MarketWatch  Jun 14  Comment 
Brown Shoe Inc. shares rallied over 8% on Tuesday, getting a lift from news that VF Corp. will buy footware company Timberland for $43 a share. Shares of Brown Shoe gained 8.6% to $10.09 a share. Market Pulse Stories are Rapid-fire, short...
tickerspy.com  Jun 13  Comment 
It was a merger Monday, but stocks failed to stage a big comeback from Friday's shellacking, with the major market averages ending mixed. Energy names were particularly weak on economic concerns, with both oil and natural gas prices decidedly...
Forbes  Jun 13  Comment 
Today’s tickers: TBL, HNR, ESI, XHB & FII


Timberland Company sells shoes and outdoor clothing. The company is best known for its urban boots, known as "Tims," and footwear accounts for more than 70% of the company's sales.[1] The company earned $1.29 billion in revenue and $56.6 million in net income in 2009.[2]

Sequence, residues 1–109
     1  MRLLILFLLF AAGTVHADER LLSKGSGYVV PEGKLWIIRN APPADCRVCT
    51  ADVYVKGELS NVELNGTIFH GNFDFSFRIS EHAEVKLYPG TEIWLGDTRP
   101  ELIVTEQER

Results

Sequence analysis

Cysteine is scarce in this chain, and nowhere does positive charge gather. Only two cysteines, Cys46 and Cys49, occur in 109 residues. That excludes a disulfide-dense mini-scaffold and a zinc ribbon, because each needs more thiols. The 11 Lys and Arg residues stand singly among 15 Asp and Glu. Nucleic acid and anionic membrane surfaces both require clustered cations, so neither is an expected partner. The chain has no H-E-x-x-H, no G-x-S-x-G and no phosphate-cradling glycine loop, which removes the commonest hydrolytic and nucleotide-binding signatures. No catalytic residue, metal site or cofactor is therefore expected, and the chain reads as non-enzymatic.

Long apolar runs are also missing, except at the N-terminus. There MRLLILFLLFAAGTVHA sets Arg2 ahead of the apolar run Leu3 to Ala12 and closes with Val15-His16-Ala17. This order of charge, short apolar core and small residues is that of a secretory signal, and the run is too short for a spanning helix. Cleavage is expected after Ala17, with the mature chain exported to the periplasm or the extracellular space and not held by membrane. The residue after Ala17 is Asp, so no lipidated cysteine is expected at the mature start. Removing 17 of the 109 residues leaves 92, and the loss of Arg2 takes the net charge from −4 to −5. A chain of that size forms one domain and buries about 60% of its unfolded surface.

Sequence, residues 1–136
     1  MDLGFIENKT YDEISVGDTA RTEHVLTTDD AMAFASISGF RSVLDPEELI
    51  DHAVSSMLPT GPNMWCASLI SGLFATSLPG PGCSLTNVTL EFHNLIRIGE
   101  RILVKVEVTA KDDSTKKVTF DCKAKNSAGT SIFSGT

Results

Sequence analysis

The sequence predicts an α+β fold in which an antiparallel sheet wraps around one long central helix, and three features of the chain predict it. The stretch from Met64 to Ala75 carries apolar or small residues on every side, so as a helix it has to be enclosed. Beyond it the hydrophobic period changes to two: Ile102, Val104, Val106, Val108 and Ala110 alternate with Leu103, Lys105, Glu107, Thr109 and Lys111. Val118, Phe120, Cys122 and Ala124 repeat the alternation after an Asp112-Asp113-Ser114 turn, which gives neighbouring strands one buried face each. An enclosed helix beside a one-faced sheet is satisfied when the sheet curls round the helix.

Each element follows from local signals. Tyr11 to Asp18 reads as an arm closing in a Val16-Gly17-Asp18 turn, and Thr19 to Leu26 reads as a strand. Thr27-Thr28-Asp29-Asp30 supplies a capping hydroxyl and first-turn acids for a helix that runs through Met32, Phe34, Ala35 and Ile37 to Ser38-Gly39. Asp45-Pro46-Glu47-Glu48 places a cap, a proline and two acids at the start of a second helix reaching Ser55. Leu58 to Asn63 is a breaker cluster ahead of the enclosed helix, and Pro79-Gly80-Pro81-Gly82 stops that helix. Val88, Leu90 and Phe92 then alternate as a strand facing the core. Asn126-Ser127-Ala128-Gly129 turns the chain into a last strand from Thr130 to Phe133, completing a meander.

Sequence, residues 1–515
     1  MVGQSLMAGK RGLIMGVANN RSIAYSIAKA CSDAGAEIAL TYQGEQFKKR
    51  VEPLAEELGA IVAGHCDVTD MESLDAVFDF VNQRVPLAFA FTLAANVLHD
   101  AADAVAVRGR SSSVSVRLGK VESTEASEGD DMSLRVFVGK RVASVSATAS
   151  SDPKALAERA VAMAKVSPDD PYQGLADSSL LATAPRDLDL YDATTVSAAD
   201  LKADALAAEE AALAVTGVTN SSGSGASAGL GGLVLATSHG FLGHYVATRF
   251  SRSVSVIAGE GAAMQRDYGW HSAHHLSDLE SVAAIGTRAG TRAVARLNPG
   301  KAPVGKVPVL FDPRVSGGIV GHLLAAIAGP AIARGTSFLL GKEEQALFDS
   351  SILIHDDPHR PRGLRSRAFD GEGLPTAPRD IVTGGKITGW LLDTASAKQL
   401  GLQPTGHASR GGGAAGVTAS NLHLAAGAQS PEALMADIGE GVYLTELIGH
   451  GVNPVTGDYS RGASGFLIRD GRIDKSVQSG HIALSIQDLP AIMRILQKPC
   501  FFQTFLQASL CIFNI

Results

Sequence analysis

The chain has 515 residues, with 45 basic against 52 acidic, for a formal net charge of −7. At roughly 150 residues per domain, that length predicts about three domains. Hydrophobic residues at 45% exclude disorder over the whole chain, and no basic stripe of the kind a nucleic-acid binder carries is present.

A sluggish economy hurts the company's sales, as consumers purchase Timberland's products with discretionary income, which has been constricted in the slow economy. Another issue for Timberland is the rapid economic growth of Southeast Asia and China, where the majority of Timberland products are produced. Europe has increased its tariffs on boot imports, making it more expensive for Timberland to sell its products in this region and decreasing its profit margin. My namwe is roosevelt

Company Overview

The Timberland Company consists of Timberland, Smartwool, iPath, Howies, and Timberland PRO brands. The firm produces footwear and clothing including their famous line of urban boots, skater apparel from iPath, and Smartwool hiking socks. Timberland company is very popular internationally, with slightly more than half of company sales coming from foreign markets.[3]